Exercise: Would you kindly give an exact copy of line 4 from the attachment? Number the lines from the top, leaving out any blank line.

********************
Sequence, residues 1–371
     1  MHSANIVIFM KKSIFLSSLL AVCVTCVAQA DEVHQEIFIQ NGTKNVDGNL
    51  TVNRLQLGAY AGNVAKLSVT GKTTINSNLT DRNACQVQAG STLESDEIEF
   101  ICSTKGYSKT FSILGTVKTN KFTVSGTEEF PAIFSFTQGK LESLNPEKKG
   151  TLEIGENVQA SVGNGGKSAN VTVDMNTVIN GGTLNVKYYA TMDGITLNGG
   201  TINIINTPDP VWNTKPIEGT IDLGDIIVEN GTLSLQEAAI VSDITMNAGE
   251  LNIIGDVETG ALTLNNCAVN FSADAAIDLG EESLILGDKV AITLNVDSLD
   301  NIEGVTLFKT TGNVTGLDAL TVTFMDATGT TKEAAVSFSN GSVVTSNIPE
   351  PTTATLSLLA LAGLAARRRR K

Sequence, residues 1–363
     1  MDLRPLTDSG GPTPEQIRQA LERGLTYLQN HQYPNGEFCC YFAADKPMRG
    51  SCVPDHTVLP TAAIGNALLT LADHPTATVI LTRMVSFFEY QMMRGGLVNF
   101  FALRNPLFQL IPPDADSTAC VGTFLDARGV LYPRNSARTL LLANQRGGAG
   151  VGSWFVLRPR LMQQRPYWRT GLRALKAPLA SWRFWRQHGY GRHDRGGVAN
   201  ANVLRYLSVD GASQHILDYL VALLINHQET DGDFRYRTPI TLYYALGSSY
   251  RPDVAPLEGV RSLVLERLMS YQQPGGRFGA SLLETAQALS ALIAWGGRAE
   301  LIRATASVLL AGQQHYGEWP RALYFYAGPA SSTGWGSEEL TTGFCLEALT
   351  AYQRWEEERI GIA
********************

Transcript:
   101  ICSTKGYSKT FSILGTVKTN KFTVSGTEEF PAIFSFTQGK LESLNPEKKG